August 8th, 2007

Bruce, Caroline

The History of Genetics

Once upon a time there was an idiot named Mendel. Mendel was a monk. Most monks were content to sing Gregorian chants and not talk about it. But was that good enough for Mendel? Oh no, it was not. "Gregorian chants aren't good enough for a snooty monk like me," he said. "I'm gonna discover genetics, so there!"

And so our sanctimonious busybody began to raid the vegetable gardens, denying some good Gregorian chanters their peas and their inevitable nine-day-old
poridge, either hot or cold, in the pot.

So our loser started to experiment with his stolen peas, setting the art of minding one's own business back by millennia.

Now, rather wisely I think, Mendel's contemporaries ignored Mendel's work. They had better things to do: wars to fight, countries to raid and plunder, you  know, the sort of things enlightened civilizations do to distinguish themselves from the barbarians. But, I guess things got boring again right around the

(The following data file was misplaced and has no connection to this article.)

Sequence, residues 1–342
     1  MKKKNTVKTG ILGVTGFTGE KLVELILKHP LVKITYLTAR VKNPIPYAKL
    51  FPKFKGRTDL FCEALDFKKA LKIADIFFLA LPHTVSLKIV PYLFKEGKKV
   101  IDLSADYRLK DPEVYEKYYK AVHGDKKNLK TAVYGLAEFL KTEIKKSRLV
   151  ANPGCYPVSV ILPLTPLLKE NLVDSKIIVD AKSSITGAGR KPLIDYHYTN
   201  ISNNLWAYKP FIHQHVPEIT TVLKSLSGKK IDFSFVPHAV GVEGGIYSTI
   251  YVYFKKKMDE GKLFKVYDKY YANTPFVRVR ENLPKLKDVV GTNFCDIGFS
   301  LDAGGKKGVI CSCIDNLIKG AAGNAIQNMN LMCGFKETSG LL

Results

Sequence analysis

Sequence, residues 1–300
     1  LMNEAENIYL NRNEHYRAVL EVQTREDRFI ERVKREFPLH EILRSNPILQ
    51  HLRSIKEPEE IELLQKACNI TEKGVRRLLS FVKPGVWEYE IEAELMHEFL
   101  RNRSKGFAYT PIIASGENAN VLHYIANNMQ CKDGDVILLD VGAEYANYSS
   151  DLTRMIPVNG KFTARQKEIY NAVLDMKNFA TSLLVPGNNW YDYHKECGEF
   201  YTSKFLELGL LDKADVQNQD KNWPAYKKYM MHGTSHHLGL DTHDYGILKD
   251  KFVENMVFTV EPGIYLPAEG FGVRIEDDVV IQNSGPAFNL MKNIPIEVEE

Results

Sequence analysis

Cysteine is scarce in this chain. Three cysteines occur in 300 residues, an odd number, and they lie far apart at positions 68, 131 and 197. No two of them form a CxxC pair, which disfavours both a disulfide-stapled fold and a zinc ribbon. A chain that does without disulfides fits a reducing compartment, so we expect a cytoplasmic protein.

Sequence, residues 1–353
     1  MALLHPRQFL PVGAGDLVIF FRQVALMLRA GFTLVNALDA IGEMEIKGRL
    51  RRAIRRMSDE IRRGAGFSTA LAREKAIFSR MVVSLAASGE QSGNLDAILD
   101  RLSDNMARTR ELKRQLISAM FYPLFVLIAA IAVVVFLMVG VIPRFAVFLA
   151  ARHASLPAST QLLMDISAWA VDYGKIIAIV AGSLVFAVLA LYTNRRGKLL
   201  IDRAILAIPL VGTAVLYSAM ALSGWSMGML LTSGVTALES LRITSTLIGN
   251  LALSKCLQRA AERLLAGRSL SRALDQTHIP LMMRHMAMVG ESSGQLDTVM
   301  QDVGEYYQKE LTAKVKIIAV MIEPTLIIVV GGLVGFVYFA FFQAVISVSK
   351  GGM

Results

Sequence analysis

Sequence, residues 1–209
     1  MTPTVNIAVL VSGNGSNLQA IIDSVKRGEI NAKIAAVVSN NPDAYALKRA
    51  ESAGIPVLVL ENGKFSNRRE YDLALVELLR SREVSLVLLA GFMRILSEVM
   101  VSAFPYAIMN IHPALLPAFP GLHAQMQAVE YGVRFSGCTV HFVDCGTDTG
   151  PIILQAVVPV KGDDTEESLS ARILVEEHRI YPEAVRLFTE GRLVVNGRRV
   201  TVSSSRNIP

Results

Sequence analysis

turn of the last century, because some wisenheimer went and dug up Mendel's work, where it had been peacefully collecting bookworms, and rediscovered it.  This last should have been a crime, but the justice system was starting to crumble, even then.

As if this deplorable situation weren't bad enough, people not only studied the twaddle produced by the meddlesome Mendel, they added to it. The outhouse  of knowledge was rapidly accumulating residue. Other people came along, people like Punnett, a real square.

The icing was finally put on the cake, moving away from the outhouse analogy, when some stuck-up teachers decided to write a book on the subject. It seems  one of the teachers was doing a thesis on <i>Boring your Students into Submission</i>. And when the book was written, some poor slob had to proofread the blighted
thing, right? And that, ladies and gentlemen, is the history of genetics, right up to this very day.